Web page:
Greetings Dear Reader,

February 2023 concludes with some interesting developments in Malawi in relation to climate change and environment. We have had two cyclones – Cheneso and Freddy. We hope there will not be any more cyclones affecting Malawi this year. However, other countries like Turkey and Syria have also been badly affected by various natural disasters. We wish them well to build back better.

While the past two cyclone months have gone well, the effects of heavy rains have left Malawi grappling with its climate change and environmental management strategy. Firstly, it has exposed the lack of preparedness in the area of climate change ranging from the construction industry through to the drainage systems in the country. We have observed with concern that we do not have climate change ready engineering systems as we do the constructions. Either the construction industry requires revisiting, or we need to change whether the specifications in the tenders are the ones that are being tested. The rains are really putting to test our construction industry in the face of climate change. The rains are also probing our urban planning and environmental management. We are experiencing severe flooding in our major cities which is terribly wrong.

It is important to interrogate our urban planning systems and practices. Some families have lost their houses and lives in some cases. We have seen children cherishing indoor swimming pools that were formed by flash floods right in the sitting rooms and bedrooms of houses around Machinjiri township in Blantyre. We need to ask what has gone wrong with urban planning in Malawi. Plainly, this has also exposed urban poverty which is something that needs to be properly managed in the long run.

While planning and poverty are central in the processes, the rains and climate change continue to put to test the quality of the services in general. The small S143 road from Skinala to Matawale in Zomba city, the collapsing of the bridge along Peter Mutharika Highway around Mwima in Balaka and the collapsing of Area 49 Shopping Complex are all pointing to the fact that something is not right. As a country, we need to seriously reflect on our processes and systems and ask ourselves what has gone amiss.

One would not talk about the lack of readiness in the climate change and environmental management without talking about electricity. According to the plans and announcements, we were supposed to be having good electricity in February 2023. By now, electricity blackouts were supposed to be history. Ironically, the Electricity Supply Corporation of Malawi (ESCOM) is busy informing the general public of prolonged load shedding schedules in the subsequent weeks. We have been informed that Electricity Generation Company (ENGENCO) is having challenges with the increasing debris into the machines due to increasing water levels in the Shire River. Well, we thought the Malawi Compact addressed these issues and we had high expectations. What is clear though is that, while the systems and structures were out in place with quality machines, there was limited preparedness for the run-off from the deforested land. One therefore would only wish that a very aggressive reforestation programme should be implemented to cater for these challenges. The situation is challenging because if the Malawi Vision 2063 is to be achieved, energy is a very critical sector. Simply put, there is no industrialisation without power. We really need to relook at this as a country at all levels and ensure that the electricity issue is addressed once and for all.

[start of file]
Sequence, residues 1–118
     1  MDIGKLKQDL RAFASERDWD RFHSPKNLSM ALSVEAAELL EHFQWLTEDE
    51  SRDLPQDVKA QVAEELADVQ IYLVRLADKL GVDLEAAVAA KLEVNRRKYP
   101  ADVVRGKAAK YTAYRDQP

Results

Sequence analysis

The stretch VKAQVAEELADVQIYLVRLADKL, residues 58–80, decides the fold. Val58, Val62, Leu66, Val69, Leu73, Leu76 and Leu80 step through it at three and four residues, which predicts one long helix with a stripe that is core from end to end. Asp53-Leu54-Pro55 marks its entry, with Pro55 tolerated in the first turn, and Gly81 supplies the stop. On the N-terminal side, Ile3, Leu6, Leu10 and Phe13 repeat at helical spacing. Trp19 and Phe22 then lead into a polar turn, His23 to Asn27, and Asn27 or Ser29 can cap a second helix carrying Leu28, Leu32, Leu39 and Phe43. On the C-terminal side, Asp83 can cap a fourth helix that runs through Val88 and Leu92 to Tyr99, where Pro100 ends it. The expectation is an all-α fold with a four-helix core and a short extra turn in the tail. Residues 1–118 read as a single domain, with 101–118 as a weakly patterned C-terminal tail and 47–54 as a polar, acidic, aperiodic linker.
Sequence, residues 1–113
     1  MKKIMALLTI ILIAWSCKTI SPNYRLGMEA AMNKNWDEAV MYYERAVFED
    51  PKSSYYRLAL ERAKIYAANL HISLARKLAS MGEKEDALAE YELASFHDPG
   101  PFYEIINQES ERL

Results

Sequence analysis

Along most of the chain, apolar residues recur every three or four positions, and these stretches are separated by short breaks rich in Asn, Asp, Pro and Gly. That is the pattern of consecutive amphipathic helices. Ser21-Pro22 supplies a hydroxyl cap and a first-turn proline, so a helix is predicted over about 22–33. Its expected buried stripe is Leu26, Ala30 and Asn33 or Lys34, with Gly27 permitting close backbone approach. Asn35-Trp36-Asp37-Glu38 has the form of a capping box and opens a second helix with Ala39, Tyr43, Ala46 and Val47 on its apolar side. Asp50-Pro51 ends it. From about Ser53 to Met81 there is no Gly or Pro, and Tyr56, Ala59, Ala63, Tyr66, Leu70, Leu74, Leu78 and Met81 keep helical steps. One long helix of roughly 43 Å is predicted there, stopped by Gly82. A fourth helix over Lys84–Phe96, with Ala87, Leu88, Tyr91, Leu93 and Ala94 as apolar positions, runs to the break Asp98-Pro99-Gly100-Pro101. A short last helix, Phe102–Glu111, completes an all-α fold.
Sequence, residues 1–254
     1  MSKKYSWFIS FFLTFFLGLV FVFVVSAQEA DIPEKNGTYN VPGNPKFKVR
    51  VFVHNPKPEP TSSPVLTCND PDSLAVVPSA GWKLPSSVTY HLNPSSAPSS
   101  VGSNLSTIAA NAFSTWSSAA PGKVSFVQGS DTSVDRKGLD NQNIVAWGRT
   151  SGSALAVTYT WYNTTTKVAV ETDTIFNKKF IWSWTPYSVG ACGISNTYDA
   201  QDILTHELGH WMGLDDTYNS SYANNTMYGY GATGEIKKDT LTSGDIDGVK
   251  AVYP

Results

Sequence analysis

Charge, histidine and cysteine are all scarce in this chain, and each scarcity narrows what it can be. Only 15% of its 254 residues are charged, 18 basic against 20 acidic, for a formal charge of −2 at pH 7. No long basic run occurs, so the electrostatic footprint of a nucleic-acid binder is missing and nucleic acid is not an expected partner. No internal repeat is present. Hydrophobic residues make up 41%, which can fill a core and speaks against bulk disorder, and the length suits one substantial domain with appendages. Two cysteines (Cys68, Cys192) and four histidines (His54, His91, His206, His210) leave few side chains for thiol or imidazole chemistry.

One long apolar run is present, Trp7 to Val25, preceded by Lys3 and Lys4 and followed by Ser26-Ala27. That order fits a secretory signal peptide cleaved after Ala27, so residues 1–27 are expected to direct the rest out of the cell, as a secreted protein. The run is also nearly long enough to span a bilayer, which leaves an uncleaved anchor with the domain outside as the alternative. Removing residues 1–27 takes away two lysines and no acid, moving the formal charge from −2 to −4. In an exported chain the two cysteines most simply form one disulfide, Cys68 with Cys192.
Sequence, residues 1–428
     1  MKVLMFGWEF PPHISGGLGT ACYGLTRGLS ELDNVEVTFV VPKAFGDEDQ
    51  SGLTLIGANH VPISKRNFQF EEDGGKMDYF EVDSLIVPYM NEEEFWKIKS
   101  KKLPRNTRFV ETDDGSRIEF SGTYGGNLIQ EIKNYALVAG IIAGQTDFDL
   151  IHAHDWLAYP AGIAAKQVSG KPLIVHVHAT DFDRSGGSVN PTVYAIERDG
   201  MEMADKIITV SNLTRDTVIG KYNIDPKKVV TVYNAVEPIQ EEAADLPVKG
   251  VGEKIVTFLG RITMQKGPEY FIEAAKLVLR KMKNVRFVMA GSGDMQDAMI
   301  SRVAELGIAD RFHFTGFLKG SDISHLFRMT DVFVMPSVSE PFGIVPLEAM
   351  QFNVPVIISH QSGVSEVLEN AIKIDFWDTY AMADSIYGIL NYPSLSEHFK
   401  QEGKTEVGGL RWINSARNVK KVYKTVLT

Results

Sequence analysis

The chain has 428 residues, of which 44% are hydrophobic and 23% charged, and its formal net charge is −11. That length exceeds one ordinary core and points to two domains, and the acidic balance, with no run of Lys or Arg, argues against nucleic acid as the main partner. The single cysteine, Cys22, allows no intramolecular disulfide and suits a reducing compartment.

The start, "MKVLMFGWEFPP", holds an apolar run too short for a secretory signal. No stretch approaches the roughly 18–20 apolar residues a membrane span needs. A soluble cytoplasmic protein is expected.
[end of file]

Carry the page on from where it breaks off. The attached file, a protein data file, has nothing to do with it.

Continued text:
Malawi remembers its fallen heroes on March 3, 2023. This is an annual memorial that was set aside to remember the souls of brave men and women who died or got arrested in the fight for independence. These were courageous sons and daughters of Malawi that fought for our freedoms. While political freedoms were achieved, we need to reflect critically on the economic freedoms that we are yet to attain. We need to strive for economic freedoms of a common Malawian. We should never accept the economic dependence of Malawians who live in an independent country. We need to fight for this as we celebrate our heroes. The question each one of us should ask is: ‘Am I contributing to the economic independence of Malawians or not?’

Annually, the International Women’s Day (IWD) falls on 8 March. This year, the Day will be commemorated under the theme “Equal opportunities are no longer enough.” As a country, we have so many pieces of legislation and policy frameworks for women empowerment and support. However, we see so many challenges facing women ranging from abuse and violence to lack of access to services. We need to rethink all the issues if we are to achieve the agenda 2030 and Vision 2063.

Allow me to conclude with the Commission on the Status of Women (CSW67) convening in New York from 6 March to 17 March 2023 followed by Water 2023. These important events are critical for the advancement of women’s rights and Malawi is participating in all of them. The question is; After these events, so what? International and local partners should not be excited about participating in these programmes but rather be concerned with what implementation modalities do we have after these events. Our development partners and the Malawi government have been good in galvanizing participation in these events, but we fall short of implementing the very agreements we assent to after the meeting. Is this mere rhetoric?

I wish you a wonderful month of March 2023.


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